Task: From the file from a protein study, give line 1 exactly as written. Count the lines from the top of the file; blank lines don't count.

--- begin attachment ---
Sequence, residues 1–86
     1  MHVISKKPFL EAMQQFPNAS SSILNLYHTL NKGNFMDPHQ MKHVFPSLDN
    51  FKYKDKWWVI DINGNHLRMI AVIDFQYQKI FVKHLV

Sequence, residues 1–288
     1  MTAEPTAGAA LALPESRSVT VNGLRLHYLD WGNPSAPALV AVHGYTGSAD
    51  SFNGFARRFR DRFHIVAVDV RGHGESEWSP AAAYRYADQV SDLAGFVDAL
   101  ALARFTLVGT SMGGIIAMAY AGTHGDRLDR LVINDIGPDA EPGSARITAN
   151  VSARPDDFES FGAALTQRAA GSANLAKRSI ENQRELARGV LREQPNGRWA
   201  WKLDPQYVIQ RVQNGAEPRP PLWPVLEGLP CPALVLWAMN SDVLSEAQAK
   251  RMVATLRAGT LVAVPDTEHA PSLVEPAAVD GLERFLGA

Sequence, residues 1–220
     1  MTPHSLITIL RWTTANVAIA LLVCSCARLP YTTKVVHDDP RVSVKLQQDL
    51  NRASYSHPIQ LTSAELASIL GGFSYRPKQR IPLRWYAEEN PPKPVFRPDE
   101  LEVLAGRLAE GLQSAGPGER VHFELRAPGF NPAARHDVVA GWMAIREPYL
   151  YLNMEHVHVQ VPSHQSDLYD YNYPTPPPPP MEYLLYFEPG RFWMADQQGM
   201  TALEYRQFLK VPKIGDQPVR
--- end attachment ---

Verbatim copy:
Sequence, residues 1–86